Adaptive, autonomic and context-aware computing
Advance Computing technology and their application
Advanced Computing Architectures and New Programming Models
Advanced control and measurement
Aeronautical Engineering,
Agent-based middleware
Alert applications
Automotive, marine and aero-space control and all other control applications
Autonomic and self-managing middleware
Autonomous vehicle
Biochemistry
Bioinformatics
BioTechnology(Chemistry, Mathematics, Statistics, Geology)
Broadband and intelligent networks
Broadband wireless technologies
CAD/CAM/CAT/CIM
Call admission and flow/congestion control
Capacity planning and dimensioning
Changing Access to Patient Information
Channel capacity modelling and analysis
Civil Engineering,
Cloud Computing and Applications
Collaborative applications
Communication application
Communication architectures for pervasive computing
Communication systems
Computational intelligence
Computer and microprocessor-based control
Computer Architecture and Embedded Systems
Computer Business
Computer Sciences and Applications
Computer Vision
Computer-based information systems in health care
Computing Ethics
Computing Practices & Applications
Congestion and/or Flow Control
Content Distribution
Context-awareness and middleware
Creativity in Internet management and retailing
Cross-layer design and Physical layer based issue
Cryptography
Data Base Management
Data fusion
Data Mining
Data retrieval
Data Storage Management
Decision analysis methods
Decision making
Digital Economy and Digital Divide
Digital signal processing theory
Distributed Sensor Networks
Drives automation
Drug Design,
Drug Development
DSP implementation
E-Business
E-Commerce
E-Government
Electronic transceiver device for Retail Marketing Industries
Electronics Engineering,
Embeded Computer System
Emerging advances in business and its applications
Emerging signal processing areas
Enabling technologies for pervasive systems
Energy-efficient and green pervasive computing
Environmental Engineering,
Estimation and identification techniques
Evaluation techniques for middleware solutions
Event-based, publish/subscribe, and message-oriented middleware
Evolutionary computing and intelligent systems
Expert approaches
Facilities planning and management
Flexible manufacturing systems
Formal methods and tools for designing
Fuzzy algorithms
Fuzzy logics
GPS and location-based applications
Green Computing
Grid Networking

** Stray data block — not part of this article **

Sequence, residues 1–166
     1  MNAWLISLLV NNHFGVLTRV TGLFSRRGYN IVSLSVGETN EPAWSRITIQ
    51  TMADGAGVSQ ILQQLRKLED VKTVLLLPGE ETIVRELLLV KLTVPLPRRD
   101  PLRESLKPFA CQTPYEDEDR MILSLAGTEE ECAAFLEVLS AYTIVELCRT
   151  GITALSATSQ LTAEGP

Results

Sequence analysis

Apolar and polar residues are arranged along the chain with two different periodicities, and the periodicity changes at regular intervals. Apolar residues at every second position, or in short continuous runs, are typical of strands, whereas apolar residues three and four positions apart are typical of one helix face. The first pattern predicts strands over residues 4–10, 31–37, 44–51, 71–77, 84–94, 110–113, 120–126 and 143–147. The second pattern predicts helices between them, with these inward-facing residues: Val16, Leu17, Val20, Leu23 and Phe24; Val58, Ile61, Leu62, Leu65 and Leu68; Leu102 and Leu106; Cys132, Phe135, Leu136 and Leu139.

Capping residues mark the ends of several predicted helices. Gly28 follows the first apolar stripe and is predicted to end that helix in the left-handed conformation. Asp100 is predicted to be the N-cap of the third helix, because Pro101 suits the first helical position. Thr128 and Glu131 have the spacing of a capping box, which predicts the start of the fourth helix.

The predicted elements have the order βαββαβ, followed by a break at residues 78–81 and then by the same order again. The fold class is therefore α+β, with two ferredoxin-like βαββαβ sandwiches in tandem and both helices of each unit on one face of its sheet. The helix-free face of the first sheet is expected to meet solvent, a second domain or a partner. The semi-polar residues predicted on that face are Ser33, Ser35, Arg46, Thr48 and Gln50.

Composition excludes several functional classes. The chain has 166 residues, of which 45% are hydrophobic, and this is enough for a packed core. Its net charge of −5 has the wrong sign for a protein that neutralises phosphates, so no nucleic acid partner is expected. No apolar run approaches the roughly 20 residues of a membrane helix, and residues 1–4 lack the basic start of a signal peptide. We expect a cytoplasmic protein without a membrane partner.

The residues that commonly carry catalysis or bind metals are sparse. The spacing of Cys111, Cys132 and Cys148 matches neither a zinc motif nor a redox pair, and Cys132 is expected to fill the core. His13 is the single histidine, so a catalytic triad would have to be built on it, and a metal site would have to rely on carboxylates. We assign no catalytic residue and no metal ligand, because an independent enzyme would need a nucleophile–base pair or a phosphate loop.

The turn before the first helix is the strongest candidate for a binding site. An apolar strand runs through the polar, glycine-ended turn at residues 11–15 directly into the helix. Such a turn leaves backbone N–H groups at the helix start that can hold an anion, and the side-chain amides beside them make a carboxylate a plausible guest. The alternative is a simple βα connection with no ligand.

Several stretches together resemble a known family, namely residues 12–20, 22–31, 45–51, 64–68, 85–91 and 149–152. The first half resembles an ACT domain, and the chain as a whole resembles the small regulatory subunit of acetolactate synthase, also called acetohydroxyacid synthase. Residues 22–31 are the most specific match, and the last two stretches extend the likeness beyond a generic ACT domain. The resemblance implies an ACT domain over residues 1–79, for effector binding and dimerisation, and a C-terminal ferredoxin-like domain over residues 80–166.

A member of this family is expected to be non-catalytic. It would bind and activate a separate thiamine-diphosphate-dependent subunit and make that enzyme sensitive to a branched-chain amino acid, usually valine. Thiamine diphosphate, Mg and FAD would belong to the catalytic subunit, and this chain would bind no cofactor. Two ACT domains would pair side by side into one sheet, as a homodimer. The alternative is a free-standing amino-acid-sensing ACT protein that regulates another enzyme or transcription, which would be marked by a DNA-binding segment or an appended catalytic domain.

Healthcare Management Information Technology
Herbal technology
High-speed Network Architectures
Human Computer Interaction (HCI)
Human-machine interfaces
Hybrid Sensor
ICT Convergence
Image analysis and processing
Image and multidimensional signal processing
Image and Multimedia applications
Industrial applications of neural networks
Industrial automated process
Industrial communications
Information and data security
Information indexing and retrieval
Information Management
Information processing
Information System
Information systems and applications
Information Technology and their application
Information Technology,
Infrastructure monitoring and control applications
Innovation and product development
Innovation Technology and Management
Innovative pervasive computing applications
Instrumentation electronics
Intelligent Control System
Intelligent sensors and actuators
International Regulatory
Internet applications and performances
Internet Services and Applications
Internet Technologies, Infrastructure, Services and Applications
Interworking architecture and interoperability
Knowledge based systems
Location and provisioning and mobility management
Location Based Services
Logistics applications
Management information systems
Mechanical Engineering,
Medical imaging
MEMS and s

Attribution Non-Commercial (BY-NC)

- [IJET-V1I6P3] Authors:Bachwad M.R. , Maske Ashadeep M
- Yaskawa AC Drive GT 1
- 240 doc MAIN (3)
- A New Cascaded Multilevel Inverter With
- Voltage Sag Compensation Using SMES Based DVR Technology & Pi Controller
- 02 PWM Inverters Part II
- 1 Phase to 3 Phase PWM Converter
- [1991]a General Circuit Topology of Multilevel Inverter
- National &Inter.jour_. Updated Dec -15(1)
- session5h.pdf
- inverter